I continue to be a fan of the work done at Pulsenomics regarding the use of surveys to gauge sentiment related to home prices (either among forecasters, or home owners). The Pulsenomics quarterly survey is (IMHO) the best survey of forward home price expectations by those in the business of making forecasts (to include, in the interest of full disclosure, myself).
Recently, Cityscape published a detailed report where Pulsenomics founder Terry Loebs describes both the methodology in calculating the Pulsenomics Housing Confidence Survey. It is recommended reading for anyone looking for views of homeowners (and renters) toward many questions, including homeowner confidence.
The report may have particular use for those following the CME Case Shiller futures as the results are tallied for the 20 regional components of the Case Shiller 20-city index. Since ten of those indices have contracts traded on the CME, one might be able to use the survey results in their trading.
I’ve taken a first cut at comparing survey results against CME markets here. The table to the right takes a portion of the results in Exhibit 2 (using only those cities in the CUS 10-city index). (I’m only using the homeowner confidence index, but there is larger set of results that includes renter confidence. Readers are encouraged to look at the entire report and see how use of other data might impact results.)
To the Pulsenomics results I’ve added the CME trading symbols, the gain in the Case Shiller index for the last 12 months, the spot Case Shiller index levels, the bid and offer for the Aug ’16 CME contracts, and the difference between the mid-market level of the Aug ’16 contract and spot levels. (I used the Aug ’16 contract to minimize seasonal levels. Ideally, I’d like to use a longer-dated contract, consistent with longer-dated expectations, but wanted to avoid seasonal issues. In addition, many of the Aug ’16 contract prices are mine, so caution is advised as I’m evaluating my own inputs. That said, anyone who wants to narrow the Aug ’16 bid/ask spread, or to challenge the bids and offers, is encouraged to post prices. Hopefully the following results might prompt some such reactions. Also, I use the Case Shiller indices as those are the references for the CME futures. Pulsenomics tends to focus on the Zillow indices.)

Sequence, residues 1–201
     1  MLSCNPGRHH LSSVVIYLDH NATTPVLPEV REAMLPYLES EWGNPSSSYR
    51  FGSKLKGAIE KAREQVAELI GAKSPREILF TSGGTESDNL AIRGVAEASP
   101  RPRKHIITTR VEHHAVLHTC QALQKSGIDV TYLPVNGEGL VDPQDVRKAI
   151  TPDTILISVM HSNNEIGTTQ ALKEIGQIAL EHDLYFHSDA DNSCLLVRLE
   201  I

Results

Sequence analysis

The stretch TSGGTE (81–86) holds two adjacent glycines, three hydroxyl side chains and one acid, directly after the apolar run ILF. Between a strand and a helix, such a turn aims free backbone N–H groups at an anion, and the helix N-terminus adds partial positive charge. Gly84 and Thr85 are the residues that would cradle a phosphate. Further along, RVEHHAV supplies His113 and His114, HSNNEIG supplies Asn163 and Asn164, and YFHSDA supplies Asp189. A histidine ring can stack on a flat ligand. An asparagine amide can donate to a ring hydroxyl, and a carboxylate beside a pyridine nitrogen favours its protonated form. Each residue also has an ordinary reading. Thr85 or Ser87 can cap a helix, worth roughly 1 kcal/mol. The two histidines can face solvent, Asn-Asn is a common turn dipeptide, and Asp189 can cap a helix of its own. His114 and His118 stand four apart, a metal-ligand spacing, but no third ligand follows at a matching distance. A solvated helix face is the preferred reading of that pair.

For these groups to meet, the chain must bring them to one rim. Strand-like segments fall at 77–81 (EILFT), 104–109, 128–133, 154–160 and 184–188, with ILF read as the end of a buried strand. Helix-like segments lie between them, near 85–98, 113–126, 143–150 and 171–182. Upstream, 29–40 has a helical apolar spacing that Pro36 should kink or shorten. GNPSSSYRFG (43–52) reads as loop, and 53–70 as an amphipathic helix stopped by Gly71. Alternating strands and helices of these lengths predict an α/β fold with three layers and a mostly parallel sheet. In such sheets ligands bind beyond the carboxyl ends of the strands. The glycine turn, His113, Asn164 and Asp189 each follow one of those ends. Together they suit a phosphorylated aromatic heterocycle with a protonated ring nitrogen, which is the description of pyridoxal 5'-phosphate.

I then took the Pulsenomics Homeowner Confidence Level and contrasted it versus the mid-market implied gains for the Aug ’16 CME contracts to see if confidence levels are correlated with higher home price expectations.
The scatter diagram suggests that confidence levels seem to be generally correlated with one-year forward gains. For example, CHI has both the lowest confidence level as well as CME Aug ’16 prices with the lowest implied gains, while SFR has one of the highest confidence levels and highest CME price gains.
The outliers (e.g. DEN, WDC in particular) might be worth evaluating more thoroughly. DEN does have one of the stronger improvements in confidence levels over the last year, so momentum might play a role there, but WDC has both one of the weakest trailing 12-month gains in the Case Shiller index as well as only modest 6-mon and 1-year gains in confidence levels among homeowners (as well as weak gains among renters (not shown here)).
Might WDC CME Aug ’16 prices be too low, or might confidence levels be too high? I have no strong views BUT am very happy to accommodate anyone looking to debate the topic, and/or to trade WDC (or any other) futures.
Please read the entire Citiscape report and/or feel free to contact me (email@example.com) if you have any questions.